Storybook Composition

Combine multiple Storybooks into one

Dominic Nguyen
Published in
4 min readJun 24, 2020

Scaling component libraries is tough.

Mature companies maintain hundreds of components scattered across separate Storybooks. Different teams build their own libraries with custom requirements and dependencies.

Storybook 6.0 introduces Composition, a new feature that allows you to browse components from any Storybook inside your local Storybook.

  • 📚 Combine multiple Storybooks into one
  • 🌐 Browse components from different frameworks side-by-side
  • ⚡️ ️Faster developer experience for large Storybooks and monorepos

Wait, but why?

It’s exhausting to keep track of components. And the more components you have the more exhausting it becomes.

We interviewed teams at IBM, Cisco, and the Storybook community-at-large. It’s clear that mature companies have multiple Storybooks; usually one for each project.

The ideal developer experience is to interact with all Storybooks together at once. But this requires every project to have the same tech stack. That’s not feasible for large companies with multiple products.

Instead, developers jump between different Storybooks to reference and reuse components. The process is cumbersome so developers avoid it. In the end, this leads to a disjointed user experience.

Combine Storybooks

Composition enables you to combine Storybooks. Our goal is to unify the Storybook experience for all components, no matter the view layer, tech stack, or dependencies.

The core innovation is the ability to reference external Storybooks inside your own Storybook. This unlocks common workflows that mature teams often struggle with.

  • 👩‍💻 UI developers can quickly reference prior art without switching between Storybooks.
  • 🎨 Design systems can expand adoption by composing themselves into their users’ Storybooks.
  • 🛠 Frontend platform can audit how components are used across projects.

What’s more, Composition enables you to split heavy Storybooks into many lighter weight Storybooks but maintain a unified browsing experience.

How it works

Storybooks are composed in your browser. Composition does not touch code, webpack, or any project-specific configuration.

All you need is the URL of a live Storybook. We use that URL to extract the stories list and the Canvas iframe. When Storybook is loaded in the browser it combines all the stories and stacks the Canvases on top of each other in the UI.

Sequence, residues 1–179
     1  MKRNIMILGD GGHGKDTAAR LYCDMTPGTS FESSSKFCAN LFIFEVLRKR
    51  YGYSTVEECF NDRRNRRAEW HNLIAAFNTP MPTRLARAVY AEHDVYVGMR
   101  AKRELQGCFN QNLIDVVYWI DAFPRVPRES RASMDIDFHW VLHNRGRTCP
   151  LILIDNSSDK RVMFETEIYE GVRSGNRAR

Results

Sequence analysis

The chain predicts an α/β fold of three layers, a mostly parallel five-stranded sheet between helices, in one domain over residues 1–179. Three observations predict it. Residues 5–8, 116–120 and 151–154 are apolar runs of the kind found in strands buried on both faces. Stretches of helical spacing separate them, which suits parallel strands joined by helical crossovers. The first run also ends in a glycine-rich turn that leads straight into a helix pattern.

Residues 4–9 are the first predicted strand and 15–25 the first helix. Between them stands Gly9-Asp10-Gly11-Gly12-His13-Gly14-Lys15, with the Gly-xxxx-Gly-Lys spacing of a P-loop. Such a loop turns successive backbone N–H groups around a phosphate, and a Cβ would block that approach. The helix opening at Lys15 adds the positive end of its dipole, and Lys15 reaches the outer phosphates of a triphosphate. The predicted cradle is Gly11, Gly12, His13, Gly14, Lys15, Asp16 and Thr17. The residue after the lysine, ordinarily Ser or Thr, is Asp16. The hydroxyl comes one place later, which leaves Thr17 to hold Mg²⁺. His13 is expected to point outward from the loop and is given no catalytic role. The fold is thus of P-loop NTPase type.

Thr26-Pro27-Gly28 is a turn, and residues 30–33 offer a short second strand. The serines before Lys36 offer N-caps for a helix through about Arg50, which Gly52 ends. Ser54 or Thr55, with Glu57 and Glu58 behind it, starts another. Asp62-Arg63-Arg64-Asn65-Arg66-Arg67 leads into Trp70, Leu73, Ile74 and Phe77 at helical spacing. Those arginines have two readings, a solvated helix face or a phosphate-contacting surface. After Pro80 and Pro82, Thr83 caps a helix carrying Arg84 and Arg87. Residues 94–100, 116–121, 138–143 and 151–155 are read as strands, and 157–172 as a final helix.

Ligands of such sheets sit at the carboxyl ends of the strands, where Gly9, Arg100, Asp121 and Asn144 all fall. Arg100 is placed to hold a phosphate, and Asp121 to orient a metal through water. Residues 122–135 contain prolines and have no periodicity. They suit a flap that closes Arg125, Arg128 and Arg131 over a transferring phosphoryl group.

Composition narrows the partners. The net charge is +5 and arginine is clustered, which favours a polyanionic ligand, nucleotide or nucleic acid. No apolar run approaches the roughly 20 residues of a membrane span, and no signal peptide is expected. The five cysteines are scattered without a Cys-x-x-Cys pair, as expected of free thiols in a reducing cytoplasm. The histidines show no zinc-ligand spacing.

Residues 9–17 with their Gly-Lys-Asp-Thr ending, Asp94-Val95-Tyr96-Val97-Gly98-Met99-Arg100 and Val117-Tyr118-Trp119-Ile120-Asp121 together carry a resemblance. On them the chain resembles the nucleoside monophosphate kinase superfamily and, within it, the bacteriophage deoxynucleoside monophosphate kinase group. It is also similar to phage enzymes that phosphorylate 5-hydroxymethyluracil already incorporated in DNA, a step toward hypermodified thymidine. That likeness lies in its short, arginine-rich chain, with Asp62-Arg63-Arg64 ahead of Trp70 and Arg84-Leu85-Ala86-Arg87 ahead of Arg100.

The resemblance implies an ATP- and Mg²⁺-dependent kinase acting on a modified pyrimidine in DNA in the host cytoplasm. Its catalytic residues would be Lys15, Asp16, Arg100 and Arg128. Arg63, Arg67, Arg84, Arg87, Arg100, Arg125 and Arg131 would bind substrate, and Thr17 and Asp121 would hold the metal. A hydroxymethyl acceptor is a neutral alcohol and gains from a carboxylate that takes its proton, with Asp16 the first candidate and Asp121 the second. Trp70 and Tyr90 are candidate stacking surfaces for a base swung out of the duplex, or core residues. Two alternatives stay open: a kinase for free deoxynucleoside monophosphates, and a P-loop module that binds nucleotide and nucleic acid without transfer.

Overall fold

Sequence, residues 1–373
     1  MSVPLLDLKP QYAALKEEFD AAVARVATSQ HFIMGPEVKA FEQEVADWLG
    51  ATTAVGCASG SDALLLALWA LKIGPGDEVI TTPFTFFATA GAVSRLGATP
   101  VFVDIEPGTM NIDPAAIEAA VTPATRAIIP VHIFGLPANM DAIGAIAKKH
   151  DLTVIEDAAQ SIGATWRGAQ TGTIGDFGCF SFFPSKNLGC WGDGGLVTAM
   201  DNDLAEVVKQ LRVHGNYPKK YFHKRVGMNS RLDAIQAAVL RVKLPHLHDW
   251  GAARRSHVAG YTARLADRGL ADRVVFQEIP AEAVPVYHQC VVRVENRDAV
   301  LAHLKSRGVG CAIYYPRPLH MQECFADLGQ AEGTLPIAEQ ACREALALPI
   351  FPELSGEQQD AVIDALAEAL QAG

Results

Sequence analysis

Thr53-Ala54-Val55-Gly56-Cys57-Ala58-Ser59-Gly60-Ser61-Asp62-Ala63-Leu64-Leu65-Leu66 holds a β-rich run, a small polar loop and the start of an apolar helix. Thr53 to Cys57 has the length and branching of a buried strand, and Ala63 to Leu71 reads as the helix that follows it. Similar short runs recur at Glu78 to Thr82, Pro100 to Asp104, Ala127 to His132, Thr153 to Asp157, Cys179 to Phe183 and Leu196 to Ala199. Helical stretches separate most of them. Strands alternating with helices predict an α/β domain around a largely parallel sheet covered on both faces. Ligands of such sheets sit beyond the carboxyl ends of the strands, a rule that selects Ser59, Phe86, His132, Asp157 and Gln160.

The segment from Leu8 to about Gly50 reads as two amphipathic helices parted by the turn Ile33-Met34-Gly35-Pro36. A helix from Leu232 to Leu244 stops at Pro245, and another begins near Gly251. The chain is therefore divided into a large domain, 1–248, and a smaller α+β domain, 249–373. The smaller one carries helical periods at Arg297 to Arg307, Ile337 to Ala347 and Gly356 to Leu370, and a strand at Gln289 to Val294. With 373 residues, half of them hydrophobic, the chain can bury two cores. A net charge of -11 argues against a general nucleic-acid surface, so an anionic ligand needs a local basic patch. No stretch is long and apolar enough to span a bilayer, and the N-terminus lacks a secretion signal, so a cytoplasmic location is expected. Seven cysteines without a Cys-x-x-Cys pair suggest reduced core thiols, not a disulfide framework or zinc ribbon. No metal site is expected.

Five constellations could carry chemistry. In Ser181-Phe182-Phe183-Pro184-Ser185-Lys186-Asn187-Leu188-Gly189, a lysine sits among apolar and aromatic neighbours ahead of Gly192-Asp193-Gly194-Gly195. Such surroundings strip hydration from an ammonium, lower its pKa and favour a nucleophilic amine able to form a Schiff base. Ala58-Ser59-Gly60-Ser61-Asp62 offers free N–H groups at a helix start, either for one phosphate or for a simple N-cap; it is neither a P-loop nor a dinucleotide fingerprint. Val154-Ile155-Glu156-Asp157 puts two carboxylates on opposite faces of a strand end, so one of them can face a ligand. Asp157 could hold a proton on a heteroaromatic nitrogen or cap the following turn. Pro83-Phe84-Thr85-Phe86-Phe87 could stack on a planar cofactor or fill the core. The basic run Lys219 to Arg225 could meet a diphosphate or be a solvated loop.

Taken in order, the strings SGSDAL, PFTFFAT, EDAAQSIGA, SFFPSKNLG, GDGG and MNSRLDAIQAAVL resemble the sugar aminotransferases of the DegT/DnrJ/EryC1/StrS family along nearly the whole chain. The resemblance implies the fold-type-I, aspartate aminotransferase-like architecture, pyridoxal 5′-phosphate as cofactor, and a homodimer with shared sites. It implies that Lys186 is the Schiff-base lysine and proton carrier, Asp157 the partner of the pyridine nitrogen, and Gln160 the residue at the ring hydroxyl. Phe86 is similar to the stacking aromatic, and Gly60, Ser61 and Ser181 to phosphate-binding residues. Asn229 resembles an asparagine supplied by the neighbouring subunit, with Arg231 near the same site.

When you click on an external story, Storybook swaps in the external Canvas for that story. All of this happens behind the scenes; you have a seamless experience whether you’re interacting with a local or external story.

Try it now

Let’s demo Composition by adding an example Storybook to your project. We’ll use the open source Storybook Design System for this example. You can use any Storybook published online or running locally.

First upgrade to the latest Storybook.

npx sb upgrade

In your main.js file add a refs key with information about the reference Storybook.

Pass in a URL to a statically built Storybook. We’re using a permalink from Chromatic, a free Storybook publishing service made by the core maintainers (including me!).

//.storybook/main.jsrefs: {
design-system: {
title: "Design System",
url: ""

Now run Storybook. If it’s already running you’ll need to restart.

yarn run storybook

🎉 Congrats! You’ll see our design system’s components in your stories list. Use the same technique to compose your Storybooks (5.3+). Make sure the Storybook you want to compose is published somewhere online first.

Compose local Storybooks

You can also compose Storybooks that are running locally. For instance, if you have a React Storybook and Angular Storybook running on different ports.

//.storybook/main.jsrefs: {
react: {
title: "React",
url: 'http://localhost:7007'
angular: {
title: "Angular",
url: 'http://localhost:7008'

Perfect for design system and UI library authors

Design system authors can automatically compose their design systems inside their consumer’s Storybooks. If you ship your design system as a package, include the following in your package.json.

// Your design system's package.json"storybook": {
"title": "Storybook Design System",
url: ""

This metadata tells package consumers where the published Storybook is located. When a consumer runs their Storybook, it will navigate to the URL, find the components, and load them into the stories list. Here’s a code example of this method.

Get involved

Storybook Composition was developed by Norbert de Langen, Tom Coleman, Michael Shilman, and Brody Mckee. Design and theming by Dominic Nguyen (me!).

If you have an implementation question or suggestion come chat with us in Discord. A maintainer is usually online.

Storybook is maintained by 1000+ open source contributors and guided by a steering committee of top maintainers. If you are interested in contributing, check out Storybook on GitHub, create an issue, or submit a pull request. Donate on Open Collective.



Dominic Nguyen

Design at Chromatic & Storybook — prev Apollo GraphQL, Meteor